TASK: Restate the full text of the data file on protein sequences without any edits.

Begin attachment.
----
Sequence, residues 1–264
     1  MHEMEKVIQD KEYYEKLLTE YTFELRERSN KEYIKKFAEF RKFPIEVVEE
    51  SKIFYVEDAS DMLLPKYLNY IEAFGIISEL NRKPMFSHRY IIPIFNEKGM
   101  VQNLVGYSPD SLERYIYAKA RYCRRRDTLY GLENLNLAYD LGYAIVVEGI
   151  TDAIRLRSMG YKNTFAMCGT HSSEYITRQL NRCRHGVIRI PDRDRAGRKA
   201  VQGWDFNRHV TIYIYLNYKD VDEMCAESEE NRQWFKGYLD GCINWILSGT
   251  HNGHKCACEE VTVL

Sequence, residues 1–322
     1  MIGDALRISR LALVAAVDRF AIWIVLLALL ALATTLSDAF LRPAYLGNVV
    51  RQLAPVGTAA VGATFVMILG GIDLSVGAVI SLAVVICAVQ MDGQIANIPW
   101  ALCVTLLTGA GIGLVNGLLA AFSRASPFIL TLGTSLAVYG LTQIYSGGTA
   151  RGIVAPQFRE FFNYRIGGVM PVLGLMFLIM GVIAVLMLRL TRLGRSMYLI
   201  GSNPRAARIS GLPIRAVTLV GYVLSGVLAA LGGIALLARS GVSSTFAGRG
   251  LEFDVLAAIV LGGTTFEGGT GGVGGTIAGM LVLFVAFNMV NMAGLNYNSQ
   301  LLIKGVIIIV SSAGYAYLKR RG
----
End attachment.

Sequence, residues 1–264
     1  MHEMEKVIQD KEYYEKLLTE YTFELRERSN KEYIKKFAEF RKFPIEVVEE
    51  SKIFYVEDAS DMLLPKYLNY IEAFGIISEL NRKPMFSHRY IIPIFNEKGM
   101  VQNLVGYSPD SLERYIYAKA RYCRRRDTLY GLENLNLAYD LGYAIVVEGI
   151  TDAIRLRSMG YKNTFAMCGT HSSEYITRQL NRCRHGVIRI PDRDRAGRKA
   201  VQGWDFNRHV TIYIYLNYKD VDEMCAESEE NRQWFKGYLD GCINWILSGT
   251  HNGHKCACEE VTVL

Sequence, residues 1–322
     1  MIGDALRISR LALVAAVDRF AIWIVLLALL ALATTLSDAF LRPAYLGNVV
    51  RQLAPVGTAA VGATFVMILG GIDLSVGAVI SLAVVICAVQ MDGQIANIPW
   101  ALCVTLLTGA GIGLVNGLLA AFSRASPFIL TLGTSLAVYG LTQIYSGGTA
   151  RGIVAPQFRE FFNYRIGGVM PVLGLMFLIM GVIAVLMLRL TRLGRSMYLI
   201  GSNPRAARIS GLPIRAVTLV GYVLSGVLAA LGGIALLARS GVSSTFAGRG
   251  LEFDVLAAIV LGGTTFEGGT GGVGGTIAGM LVLFVAFNMV NMAGLNYNSQ
   301  LLIKGVIIIV SSAGYAYLKR RG